Respecting applicants – Sunscreen for recruiters

Recently an application letter posted on LinkedIn got my attention. The underlying issue with this letter is one that should be on every recruiter's 'to do'-list.

Remember Baz Luhrmann’s spoken word spoken word version of the essay ‘Advice, like Youth, probably just wasted on the young’?

Ladies and Gentlemen of the class of ’97

Wear sunscreen.

If I could offer you only one tip for the future,

sunscreen would be it.

I do feel I need to paraphrase it:

Ladies and Gentlemen in recruiting in 2017

Respect applicants.

If I could offer you only one tip for the future,

Respect would be it (and the use of Tech to eliminate any excuse for a lack of respect).

Why? Recently this letter crossed my path on LinkedIn:

Application Letter of a frustrated applicant

I don’t want to judge whether this is a real story or a case of fake news. In any case it neatly tied in with a conversation I had earlier that day with an experienced HR director who for the first time in years was in the market for a new job. “Only 30% of companies reply to my application”, she told me with disbelief.

As I scrolled down for the comments, I noticed that they were a mix a disbelief, jokes and shock – exactly what one would expect. However not one of the commentators reflected on the potential cause for this applicant’s approach – and for the remark made by the experienced HR director.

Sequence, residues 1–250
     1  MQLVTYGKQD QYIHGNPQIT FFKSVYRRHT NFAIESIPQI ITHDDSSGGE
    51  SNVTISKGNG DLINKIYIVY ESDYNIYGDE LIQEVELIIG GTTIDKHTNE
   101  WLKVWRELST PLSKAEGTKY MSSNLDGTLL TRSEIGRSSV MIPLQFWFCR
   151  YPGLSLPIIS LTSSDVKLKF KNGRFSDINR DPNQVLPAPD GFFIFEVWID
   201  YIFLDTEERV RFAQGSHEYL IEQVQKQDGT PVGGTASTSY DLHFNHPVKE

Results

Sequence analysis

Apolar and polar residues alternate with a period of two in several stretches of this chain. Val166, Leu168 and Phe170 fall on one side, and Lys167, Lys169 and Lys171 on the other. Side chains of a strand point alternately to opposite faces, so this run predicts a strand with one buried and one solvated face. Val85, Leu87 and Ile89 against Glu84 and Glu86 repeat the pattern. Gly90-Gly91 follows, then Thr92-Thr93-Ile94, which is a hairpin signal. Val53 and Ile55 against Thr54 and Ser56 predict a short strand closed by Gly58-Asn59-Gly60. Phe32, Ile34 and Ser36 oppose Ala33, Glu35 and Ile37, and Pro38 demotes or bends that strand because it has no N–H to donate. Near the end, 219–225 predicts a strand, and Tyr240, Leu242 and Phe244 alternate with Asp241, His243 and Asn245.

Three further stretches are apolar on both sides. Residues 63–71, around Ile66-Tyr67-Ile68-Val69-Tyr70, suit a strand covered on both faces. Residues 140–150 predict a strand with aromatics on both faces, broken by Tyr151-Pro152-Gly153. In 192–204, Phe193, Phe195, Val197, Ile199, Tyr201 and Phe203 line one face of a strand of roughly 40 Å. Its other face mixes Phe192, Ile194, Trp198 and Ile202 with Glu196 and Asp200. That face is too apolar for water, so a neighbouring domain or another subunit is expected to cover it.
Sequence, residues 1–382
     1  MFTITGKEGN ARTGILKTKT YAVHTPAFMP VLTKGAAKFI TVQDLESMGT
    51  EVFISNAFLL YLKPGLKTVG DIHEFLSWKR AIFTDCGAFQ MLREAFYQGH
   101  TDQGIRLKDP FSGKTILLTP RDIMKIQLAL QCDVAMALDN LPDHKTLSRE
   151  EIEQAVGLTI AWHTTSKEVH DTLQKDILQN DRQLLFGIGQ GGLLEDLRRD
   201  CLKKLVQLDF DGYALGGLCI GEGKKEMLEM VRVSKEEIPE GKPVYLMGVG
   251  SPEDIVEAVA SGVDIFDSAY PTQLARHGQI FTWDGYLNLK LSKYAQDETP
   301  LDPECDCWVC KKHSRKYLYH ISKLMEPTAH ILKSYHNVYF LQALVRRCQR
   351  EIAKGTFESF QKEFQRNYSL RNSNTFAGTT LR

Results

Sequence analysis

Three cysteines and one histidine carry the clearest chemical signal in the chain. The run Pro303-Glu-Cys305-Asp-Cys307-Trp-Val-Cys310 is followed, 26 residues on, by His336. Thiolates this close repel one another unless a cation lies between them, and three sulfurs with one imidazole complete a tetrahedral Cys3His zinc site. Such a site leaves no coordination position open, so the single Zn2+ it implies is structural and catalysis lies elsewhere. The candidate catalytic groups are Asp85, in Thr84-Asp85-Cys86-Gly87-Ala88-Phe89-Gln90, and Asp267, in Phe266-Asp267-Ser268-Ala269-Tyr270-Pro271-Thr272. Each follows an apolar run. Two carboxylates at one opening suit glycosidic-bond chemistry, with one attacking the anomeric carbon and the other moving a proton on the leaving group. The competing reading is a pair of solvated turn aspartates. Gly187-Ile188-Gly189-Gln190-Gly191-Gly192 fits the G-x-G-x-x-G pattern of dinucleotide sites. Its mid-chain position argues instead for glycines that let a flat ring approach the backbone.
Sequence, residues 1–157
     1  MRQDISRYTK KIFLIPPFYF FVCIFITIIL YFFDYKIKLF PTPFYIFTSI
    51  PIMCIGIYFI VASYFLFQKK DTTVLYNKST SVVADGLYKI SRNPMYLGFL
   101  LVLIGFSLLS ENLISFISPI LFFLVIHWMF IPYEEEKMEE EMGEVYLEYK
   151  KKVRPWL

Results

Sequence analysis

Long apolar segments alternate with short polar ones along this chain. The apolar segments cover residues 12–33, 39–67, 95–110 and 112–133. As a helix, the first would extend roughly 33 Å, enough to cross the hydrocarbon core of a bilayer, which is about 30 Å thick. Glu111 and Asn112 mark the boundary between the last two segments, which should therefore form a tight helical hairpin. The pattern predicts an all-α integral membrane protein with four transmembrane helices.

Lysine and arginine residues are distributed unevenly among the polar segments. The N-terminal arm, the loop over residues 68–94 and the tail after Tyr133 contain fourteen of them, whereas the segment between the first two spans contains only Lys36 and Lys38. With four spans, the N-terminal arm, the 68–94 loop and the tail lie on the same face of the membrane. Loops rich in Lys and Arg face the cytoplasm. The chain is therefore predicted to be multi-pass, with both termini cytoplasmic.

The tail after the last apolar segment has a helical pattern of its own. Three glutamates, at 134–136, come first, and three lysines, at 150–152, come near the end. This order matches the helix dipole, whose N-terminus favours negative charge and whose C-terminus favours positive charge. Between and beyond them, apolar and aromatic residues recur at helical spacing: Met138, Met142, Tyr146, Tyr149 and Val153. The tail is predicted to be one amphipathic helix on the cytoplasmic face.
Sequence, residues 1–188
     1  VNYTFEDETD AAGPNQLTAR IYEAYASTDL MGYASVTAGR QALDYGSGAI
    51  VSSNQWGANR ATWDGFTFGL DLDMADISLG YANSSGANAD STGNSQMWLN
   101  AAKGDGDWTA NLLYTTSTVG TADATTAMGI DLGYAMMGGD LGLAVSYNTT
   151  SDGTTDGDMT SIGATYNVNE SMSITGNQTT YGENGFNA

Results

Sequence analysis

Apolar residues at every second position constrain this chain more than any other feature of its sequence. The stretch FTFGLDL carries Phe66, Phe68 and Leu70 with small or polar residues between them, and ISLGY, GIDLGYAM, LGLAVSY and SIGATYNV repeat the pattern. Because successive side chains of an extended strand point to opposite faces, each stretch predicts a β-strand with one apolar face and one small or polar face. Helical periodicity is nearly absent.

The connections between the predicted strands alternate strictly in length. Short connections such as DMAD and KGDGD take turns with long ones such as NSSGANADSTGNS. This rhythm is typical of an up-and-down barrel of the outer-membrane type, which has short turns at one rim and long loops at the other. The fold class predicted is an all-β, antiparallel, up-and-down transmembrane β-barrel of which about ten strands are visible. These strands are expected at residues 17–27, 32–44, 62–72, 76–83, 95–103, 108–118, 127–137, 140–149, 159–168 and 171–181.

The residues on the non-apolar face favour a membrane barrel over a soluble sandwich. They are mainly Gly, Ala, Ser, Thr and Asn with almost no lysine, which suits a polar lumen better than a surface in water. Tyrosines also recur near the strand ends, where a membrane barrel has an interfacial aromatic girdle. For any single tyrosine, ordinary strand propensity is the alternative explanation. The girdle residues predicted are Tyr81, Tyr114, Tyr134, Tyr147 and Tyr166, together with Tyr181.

Almost for as long as I can remember jobseekers complain about experiencing a lack of respect and ethics from a large part of companies and therefore HR people. A lack revealing itself in not replying to applications, not giving feedback, a long time-to-hire (in Europe this still tends to take about 90 days!), etcetera.

Isn’t it time that HR shakes off this regretful legacy, this ‘habit’, and shows more respect to applicants?

I am not only saying this because it is the right thing to do.

It is also a fact that people no longer accept such behavior – most rightfully so in my opinion.

On top of that, there really are no more excuses today. There is an abundance of technology in the HR Tech market to manage hiring and communication in an affordable way. The time where Excel was the most used HR Tech tool in HR surely belongs to history.

Moreover, as an HR Tech entrepreneur who closely monitors what’s happening in HR Tech I know for a fact that there is ample technology available to speed up the process, keep track of the applicants and objectively judge and provide feedback to their applications.

In other words: the technology is available to help you do away with any practical excuses you might have for not showing respect towards applicants.

Unless you are basically an a**hole, in which case I think you should look for another job. Let’s see how you experience the jobhunt…

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